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I would not draw a line at any amount of money. You are in a terrible situation and I wish you had access to a better solution through your healthcare provider/insurer. If your MIL cannot afford to pay for her own care will Medicaid help? I'd look into that option, but be prepared to help your MIL out if necessary.
Really? What if it would cost a million dollars to treat the MIL and it was all the money you had? What if it had only a 1% chance of curing her? What if had a 0% chance of curing her but would lengthen her life by a week?

I think that if the amount in question is a few thousand dollars I would pay it, but there is a point where if helping someone else was going to materially affect my own future I just might not be able to take that on. And I don't see that it would be my fault that I wouldn't bankrupt myself (and this has nothing to do with whether MIL has been frugal or not frugal).
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Old 06-19-2012, 11:39 AM   #67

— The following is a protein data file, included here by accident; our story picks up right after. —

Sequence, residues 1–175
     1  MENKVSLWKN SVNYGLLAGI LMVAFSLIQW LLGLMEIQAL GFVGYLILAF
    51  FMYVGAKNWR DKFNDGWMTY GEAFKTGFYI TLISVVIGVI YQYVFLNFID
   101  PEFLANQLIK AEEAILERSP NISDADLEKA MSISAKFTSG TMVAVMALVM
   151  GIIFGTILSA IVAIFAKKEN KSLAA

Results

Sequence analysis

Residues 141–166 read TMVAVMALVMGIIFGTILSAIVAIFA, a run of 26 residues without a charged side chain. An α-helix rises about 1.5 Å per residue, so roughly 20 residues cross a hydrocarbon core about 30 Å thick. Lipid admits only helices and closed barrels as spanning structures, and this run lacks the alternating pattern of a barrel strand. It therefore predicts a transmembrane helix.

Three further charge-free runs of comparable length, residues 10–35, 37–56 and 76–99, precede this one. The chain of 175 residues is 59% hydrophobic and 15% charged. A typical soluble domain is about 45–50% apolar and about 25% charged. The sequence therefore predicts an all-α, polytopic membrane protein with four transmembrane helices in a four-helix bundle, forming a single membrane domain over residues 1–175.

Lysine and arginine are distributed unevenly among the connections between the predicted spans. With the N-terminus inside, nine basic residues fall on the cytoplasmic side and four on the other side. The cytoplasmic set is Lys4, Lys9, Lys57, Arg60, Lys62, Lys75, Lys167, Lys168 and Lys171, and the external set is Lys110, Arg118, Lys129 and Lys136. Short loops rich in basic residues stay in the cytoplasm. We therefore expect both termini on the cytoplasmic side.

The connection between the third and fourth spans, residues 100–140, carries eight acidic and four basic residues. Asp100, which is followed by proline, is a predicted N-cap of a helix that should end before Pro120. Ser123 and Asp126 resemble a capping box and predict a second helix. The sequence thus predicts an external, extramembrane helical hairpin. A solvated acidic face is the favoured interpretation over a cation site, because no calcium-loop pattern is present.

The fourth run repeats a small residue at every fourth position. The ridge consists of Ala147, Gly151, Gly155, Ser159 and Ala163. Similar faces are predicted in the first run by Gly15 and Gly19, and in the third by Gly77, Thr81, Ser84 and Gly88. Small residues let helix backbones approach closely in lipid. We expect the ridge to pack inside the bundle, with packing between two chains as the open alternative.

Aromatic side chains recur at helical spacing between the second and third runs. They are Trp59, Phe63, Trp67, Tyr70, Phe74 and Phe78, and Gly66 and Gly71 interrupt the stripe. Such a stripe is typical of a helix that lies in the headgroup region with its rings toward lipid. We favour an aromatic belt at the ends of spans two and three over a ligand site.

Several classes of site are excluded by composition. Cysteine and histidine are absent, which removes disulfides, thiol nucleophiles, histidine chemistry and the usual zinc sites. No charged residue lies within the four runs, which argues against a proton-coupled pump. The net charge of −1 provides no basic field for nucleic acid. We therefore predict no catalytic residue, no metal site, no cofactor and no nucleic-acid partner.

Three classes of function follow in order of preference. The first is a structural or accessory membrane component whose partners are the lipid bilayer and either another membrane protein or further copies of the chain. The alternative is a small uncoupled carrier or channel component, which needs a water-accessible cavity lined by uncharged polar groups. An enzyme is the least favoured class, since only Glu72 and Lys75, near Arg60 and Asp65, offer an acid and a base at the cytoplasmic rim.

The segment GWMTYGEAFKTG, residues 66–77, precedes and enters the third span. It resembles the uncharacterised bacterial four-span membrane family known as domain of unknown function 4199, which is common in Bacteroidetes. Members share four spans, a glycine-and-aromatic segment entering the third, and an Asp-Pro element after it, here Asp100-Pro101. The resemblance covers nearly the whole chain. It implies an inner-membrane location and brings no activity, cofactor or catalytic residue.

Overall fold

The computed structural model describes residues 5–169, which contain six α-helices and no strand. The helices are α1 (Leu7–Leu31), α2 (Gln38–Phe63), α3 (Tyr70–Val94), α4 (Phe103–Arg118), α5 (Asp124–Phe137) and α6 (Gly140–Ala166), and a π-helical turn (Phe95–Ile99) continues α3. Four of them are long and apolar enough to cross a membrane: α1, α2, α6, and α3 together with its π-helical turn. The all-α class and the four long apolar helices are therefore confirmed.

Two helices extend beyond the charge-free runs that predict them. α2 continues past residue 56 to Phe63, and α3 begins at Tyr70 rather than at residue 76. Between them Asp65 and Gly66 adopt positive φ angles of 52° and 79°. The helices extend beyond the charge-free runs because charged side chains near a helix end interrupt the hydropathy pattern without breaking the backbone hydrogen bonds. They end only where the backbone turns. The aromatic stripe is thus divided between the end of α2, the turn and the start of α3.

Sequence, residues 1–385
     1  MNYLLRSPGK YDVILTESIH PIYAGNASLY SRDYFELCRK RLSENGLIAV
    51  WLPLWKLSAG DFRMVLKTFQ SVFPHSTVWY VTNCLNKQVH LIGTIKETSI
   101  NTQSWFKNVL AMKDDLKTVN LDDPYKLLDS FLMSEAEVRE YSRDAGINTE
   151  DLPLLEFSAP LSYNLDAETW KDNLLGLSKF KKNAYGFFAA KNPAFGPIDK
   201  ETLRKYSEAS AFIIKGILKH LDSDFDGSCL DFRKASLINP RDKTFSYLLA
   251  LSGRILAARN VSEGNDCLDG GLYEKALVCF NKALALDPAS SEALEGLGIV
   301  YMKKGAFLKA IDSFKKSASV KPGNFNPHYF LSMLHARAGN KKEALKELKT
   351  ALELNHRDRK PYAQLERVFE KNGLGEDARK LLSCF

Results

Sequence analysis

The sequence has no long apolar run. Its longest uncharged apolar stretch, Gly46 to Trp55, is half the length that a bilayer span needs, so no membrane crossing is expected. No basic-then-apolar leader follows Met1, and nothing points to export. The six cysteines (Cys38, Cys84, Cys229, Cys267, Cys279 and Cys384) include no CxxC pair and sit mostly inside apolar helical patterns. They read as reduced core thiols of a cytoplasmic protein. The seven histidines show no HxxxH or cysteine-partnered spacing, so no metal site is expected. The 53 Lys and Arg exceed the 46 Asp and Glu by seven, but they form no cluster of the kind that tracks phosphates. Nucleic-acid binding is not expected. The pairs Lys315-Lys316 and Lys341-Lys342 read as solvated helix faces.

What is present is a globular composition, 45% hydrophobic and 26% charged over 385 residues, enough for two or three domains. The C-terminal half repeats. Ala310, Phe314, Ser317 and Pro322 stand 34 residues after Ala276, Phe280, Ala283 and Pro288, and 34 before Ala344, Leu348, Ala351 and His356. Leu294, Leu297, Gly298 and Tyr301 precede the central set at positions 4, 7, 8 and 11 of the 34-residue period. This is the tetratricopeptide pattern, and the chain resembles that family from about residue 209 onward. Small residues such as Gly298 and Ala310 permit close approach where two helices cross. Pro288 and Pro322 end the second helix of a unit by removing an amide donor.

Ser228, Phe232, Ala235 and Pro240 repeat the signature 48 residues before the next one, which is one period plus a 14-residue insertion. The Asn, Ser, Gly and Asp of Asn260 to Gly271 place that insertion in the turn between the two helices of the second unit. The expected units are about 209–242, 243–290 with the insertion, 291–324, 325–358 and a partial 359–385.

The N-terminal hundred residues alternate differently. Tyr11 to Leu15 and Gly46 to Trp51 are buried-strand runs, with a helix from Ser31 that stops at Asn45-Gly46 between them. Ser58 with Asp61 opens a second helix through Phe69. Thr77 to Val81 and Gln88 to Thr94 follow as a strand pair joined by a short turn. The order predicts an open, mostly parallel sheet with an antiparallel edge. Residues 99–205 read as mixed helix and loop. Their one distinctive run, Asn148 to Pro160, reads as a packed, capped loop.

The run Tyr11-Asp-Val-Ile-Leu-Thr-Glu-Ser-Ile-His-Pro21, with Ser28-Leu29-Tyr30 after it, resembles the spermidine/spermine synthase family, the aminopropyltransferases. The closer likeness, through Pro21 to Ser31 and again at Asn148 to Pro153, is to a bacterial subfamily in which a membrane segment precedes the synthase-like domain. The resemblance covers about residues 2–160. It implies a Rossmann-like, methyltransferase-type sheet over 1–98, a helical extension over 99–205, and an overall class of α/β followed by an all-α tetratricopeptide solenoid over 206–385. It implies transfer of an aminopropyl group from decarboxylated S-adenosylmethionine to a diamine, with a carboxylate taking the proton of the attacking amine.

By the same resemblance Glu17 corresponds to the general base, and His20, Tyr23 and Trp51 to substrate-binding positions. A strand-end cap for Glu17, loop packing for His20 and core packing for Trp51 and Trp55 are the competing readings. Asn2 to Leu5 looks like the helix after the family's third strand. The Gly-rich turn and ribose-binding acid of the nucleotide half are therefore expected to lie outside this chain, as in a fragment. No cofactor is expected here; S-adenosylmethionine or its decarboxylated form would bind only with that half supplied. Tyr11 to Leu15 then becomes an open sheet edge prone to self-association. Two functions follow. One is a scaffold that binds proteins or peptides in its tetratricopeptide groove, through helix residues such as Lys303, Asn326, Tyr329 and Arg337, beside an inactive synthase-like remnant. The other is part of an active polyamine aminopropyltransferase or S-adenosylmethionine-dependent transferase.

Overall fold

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We each have the privilege of selecting our own course of treatment but not the right to choose for another, unless specifically designated to do so. When facing that moment the confusion and stress is immense.

Health care professionals make every effort to assist but are still limited by their inability to chart the progress and outcome of every personís illness. I would much rather pay for treatment that is unsuccessful than deny the opportunity for a positive result.
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Old 06-19-2012, 12:09 PM   #68
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I think either way, it's a tough call, to keep on fighting at all costs or to set a limit as to how much one is able to give. It's more that just a matter of monetary cost but a very personal value judgement.

I remember the final day of my brother's life. Luckily, he was still alert and aware enough to communicate. His son (only child), pretty much said to him, "it looks like we aren't able to save you, do you wish for us to keep fighting, if you do than we will." At that time, my brother said, "The pain is too great, let me go." With that said, the decision to keep fighting or not is so much clearer. IMO, otherwise, the monetary costs is only a part of the equation. The other is the emotional impact on and dynamics of the entire family.
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Old 06-19-2012, 12:24 PM   #69
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I would much rather pay for treatment that is unsuccessful than deny the opportunity for a positive result.
I agree. I would pay it, personally.
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Old 06-19-2012, 12:25 PM   #70